Whoever coined the phrase "close but no cigar" obviously had never heard of MLB runline betting.
There are a lot of the teams at the top of the standings who haven’t generated much of a runline return for their supporters, thanks to the chalk they see day in and day out.
Then there are the clubs that end up on the wrong end of the outright decision a lot, but keep the score close enough most days and throw in the odd blowout win to have their bettors lighting victory cigars with crisp Benjamins, straight from the betting window.
Here are two of those teams, though you might want to tread carefully with them for the next little while. Stats current through Friday’s action and check out our full runline standings here. Chicago White Sox: 36-34 outright
42-28 on the runline yielding 19.30 units
The White Sox went into Friday’s game against Milwaukee in a bit of a tailspin. After riding a surge to take the AL Central lead, they dropped six of their last eight and sat a half game back of the division-leading Cleveland Indians.
Offense has been the main issue during the skid. Chicago averages 4.61 runs per game (seventh in the bigs) but was held to three or fewer runs six times since beating St. Louis 6-1 back on June 12. The White Sox are also four games below .500 in their own park.
“You go through ups and downs,’’ second baseman Gordon Beckham told reporters. “When you’re cold, you have to grind it out and be warm enough to help the team win. We’ve had some guys who at the wrong time aren’t clicking. We don’t have one guy that’s tearing it up right now.’’Toronto Blue Jays: 37-34 outright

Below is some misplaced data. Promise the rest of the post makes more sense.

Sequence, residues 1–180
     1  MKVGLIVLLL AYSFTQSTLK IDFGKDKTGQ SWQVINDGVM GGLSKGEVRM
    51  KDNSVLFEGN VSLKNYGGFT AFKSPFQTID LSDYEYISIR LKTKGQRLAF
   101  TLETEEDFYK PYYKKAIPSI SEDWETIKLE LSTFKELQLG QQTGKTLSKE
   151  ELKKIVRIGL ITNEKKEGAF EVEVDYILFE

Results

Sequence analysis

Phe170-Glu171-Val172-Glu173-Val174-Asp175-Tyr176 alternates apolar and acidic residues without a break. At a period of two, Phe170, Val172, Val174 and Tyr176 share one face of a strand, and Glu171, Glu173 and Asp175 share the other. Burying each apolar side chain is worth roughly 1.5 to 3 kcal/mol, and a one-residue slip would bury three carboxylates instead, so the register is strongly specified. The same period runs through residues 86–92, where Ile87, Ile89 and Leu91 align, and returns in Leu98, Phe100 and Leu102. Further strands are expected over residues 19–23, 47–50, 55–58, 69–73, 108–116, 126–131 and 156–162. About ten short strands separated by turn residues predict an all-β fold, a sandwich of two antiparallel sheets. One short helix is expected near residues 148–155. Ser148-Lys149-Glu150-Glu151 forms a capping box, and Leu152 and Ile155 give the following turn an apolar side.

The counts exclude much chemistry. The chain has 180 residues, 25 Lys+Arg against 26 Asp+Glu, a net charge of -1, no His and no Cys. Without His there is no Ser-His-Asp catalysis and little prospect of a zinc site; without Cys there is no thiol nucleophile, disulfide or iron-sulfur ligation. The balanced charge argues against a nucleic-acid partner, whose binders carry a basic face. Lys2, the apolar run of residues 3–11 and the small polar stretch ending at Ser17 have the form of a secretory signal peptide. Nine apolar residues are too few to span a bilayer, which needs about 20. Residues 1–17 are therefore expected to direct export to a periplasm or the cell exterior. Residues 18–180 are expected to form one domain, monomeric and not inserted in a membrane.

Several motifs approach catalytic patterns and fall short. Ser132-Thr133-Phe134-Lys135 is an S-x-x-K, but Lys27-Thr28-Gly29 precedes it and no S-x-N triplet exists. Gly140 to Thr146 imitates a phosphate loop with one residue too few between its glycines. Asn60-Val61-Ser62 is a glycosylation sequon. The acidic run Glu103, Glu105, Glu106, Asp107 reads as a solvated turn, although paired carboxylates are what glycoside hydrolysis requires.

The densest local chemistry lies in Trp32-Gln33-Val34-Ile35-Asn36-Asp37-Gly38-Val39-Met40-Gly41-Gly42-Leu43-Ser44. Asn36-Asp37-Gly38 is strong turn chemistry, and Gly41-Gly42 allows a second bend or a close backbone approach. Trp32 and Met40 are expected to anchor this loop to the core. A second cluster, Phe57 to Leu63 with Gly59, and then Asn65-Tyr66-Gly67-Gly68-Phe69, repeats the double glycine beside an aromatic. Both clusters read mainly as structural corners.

41-30 on the runline yielding 13.50 units
Toronto had managed to put together four wins in its last six ahead of Friday’s date with the Marlins despite major concerns with the club’s pitching staff. At this point, the club doesn’t have much of an idea who its fourth and fifth starters are after Ricky Romero, Brett Cecil and Henderson Alvarez.
That had some people wondering if Toronto manager John Farrell might make like the Colorado Rockies and at least give a four-man rotation a try.
"I can see where that can make a lot of sense," Farrell told reporters. "We haven't decided to go that route yet. We'll stay with the traditional five-man rotation because we feel like with off days, our starters are going to need that extra day at given points.”
Those starters are also going to need the bats to keep booming if Jays runline bettors have a hope moving forward. Toronto ranks third in the bigs averaging 4.97 runs per game and sits second with 104 homers.